“The Sheep from the Goats”: I review “What Maisie Knew”

at AmCon. Spoilers. There may not be many movies with happy endings more heartless than the one in What Maisie Knew.The new adaptation of Henry James’s novel about divorce as seen through the eyes of a small child does some things really well. All of the acting is great, especially Onata Aprile as six-year-old Maisie and Steve Coogan as her art-dealer father. Cell phones are used terrifically to create a sense of parental distraction, chaos, and irreconcilable conflicting demands.We s … [Read more...]

“All-Weather Friends”: me on Wallace Stegner

at Acculturated: All three novels of marriage I’ve looked at so far have a certain sense of the privacy of marriage, which can become isolation. In fact, the focus has narrowed with each novel: Extended family and community are essential parts of Kristin Lavransdatter, but its heart remains with Kristin’s marriage and home; the isolation of the married couple is part of the point of How to Be Good; and Gilead gains much of its force from the sense that the dying narrator is increasingly sepa … [Read more...]

Speaking of Endurance

His-and-hers perspectives on chronic relapse. Strong stuff. She: I met my husband, Jimmy, at my very first AA meeting. I stumbled into the 14th Street Workshop, bloated and reeking of booze from the night before, in my pajamas. I hadn't showered in days, and I was wary of the people in the room. I didn't trust anyone.Jimmy recognized that I was new (it wasn't hard to spot), and he put out his hand to shake mine, welcoming me and giving me a meeting list. I don't remember much about that … [Read more...]

“Prodigals and Preachers”: me on Marilynne Robinson

at Acculturated: This is the halfway point for my series of posts on great novels about marriage, and with this third installment I think I see some intertwined themes emerging. All three of the books so far—Kristin Lavransdatter, How to Be Good, and now Marilynne Robinson’s generational Iowa epic-in-miniature Gilead—are also stories about being sorry, and trying to be better, and wondering how much any person can ever really change. more; keep in mind that all of these posts necessarily overs … [Read more...]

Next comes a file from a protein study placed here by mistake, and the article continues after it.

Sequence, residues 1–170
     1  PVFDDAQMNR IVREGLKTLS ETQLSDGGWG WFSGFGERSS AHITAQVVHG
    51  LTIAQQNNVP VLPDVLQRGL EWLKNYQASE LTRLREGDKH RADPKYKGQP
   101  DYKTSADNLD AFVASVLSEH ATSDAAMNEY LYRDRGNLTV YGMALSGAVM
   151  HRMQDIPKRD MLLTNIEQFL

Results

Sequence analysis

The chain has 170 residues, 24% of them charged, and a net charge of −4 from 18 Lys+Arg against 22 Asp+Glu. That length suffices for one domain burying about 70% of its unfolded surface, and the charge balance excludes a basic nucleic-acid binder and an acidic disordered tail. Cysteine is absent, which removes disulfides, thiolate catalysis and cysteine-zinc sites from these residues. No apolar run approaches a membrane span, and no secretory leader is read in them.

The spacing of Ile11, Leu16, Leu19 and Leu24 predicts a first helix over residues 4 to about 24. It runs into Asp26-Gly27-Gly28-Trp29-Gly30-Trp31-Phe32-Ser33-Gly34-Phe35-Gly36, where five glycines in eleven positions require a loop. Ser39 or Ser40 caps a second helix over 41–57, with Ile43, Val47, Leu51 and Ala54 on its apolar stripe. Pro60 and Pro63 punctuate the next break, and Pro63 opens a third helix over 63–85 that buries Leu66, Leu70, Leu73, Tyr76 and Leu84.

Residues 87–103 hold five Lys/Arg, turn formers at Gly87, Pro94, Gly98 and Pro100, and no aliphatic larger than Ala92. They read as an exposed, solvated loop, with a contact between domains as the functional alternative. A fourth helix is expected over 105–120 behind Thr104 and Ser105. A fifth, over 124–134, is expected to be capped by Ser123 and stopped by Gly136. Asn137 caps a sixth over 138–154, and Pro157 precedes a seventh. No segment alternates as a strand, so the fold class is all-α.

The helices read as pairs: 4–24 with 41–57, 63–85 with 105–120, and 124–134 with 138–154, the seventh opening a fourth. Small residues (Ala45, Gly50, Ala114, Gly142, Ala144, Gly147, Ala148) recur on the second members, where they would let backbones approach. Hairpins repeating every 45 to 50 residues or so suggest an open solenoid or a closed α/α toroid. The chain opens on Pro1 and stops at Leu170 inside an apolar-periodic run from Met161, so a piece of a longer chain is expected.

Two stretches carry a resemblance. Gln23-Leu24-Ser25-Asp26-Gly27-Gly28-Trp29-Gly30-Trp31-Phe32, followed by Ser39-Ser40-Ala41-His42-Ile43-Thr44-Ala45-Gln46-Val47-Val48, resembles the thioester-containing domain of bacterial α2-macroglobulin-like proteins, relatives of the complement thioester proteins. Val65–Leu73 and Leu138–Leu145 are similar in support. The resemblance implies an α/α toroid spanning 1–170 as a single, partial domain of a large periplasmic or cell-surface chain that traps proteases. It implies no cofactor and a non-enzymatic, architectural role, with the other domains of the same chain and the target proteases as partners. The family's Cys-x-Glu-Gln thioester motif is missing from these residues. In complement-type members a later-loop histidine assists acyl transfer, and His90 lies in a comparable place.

“You’re Not the Horrible Man I Married Anymore!”: me on Nick Hornby’s How to Be Good

In the first installment of this series on great novels about marriage we looked at a thousand-plus-page epic novel about life and death in medieval Norway: early death, mutilation, miserable weddings, war, prowling wolves, even the Black Plague itself. So you might be relieved by the book I’ve chosen this time. Nick Hornby’s 2001 How to Be Good has a bright yellow cover, a modern British setting, and a manageable three-hundred pages. This first impression is misleading. How to Be Good is a bru … [Read more...]

“Cold Nights, Fiery Hearts”: me on Kristin Lavransdatter

First in a series on novels about marriage. … [Read more...]

“Some Prefer Nettles”: Drifting Toward Divorce

Some Prefer Nettles is a slim 1928 novel by Junichiro Tanizaki about the opening of Japan to the West; and, also, about a couple who can't quite seem to pull themselves together enough to divorce. They have a strange existential lassitude about it, even as everyone around them urges them to make some kind of resolution.Should they divorce? They're not happy but then again their unhappiness is just normal unhappiness, as Kaname's father-in-law finally points out to him. They have a son who is … [Read more...]


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